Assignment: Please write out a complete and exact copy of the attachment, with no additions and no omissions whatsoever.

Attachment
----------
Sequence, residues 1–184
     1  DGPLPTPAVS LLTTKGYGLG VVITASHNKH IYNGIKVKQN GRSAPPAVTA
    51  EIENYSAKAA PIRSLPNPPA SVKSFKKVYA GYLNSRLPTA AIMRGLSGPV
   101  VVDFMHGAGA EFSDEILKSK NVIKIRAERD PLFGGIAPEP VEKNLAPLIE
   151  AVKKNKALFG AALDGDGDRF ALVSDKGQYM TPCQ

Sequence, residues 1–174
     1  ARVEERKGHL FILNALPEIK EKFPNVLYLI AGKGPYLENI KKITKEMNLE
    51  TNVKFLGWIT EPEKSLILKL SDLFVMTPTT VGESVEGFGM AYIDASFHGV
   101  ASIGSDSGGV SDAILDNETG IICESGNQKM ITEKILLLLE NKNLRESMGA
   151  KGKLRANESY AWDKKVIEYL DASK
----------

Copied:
Sequence, residues 1–184
     1  DGPLPTPAVS LLTTKGYGLG VVITASHNKH IYNGIKVKQN GRSAPPAVTA
    51  EIENYSAKAA PIRSLPNPPA SVKSFKKVYA GYLNSRLPTA AIMRGLSGPV
   101  VVDFMHGAGA EFSDEILKSK NVIKIRAERD PLFGGIAPEP VEKNLAPLIE
   151  AVKKNKALFG AALDGDGDRF ALVSDKGQYM TPCQ

Sequence, residues 1–174
     1  ARVEERKGHL FILNALPEIK EKFPNVLYLI AGKGPYLENI KKITKEMNLE
    51  TNVKFLGWIT EPEKSLILKL SDLFVMTPTT VGESVEGFGM AYIDASFHGV
   101  ASIGSDSGGV SDAILDNETG IICESGNQKM ITEKILLLLE NKNLRESMGA
   151  KGKLRANESY AWDKKVIEYL DASK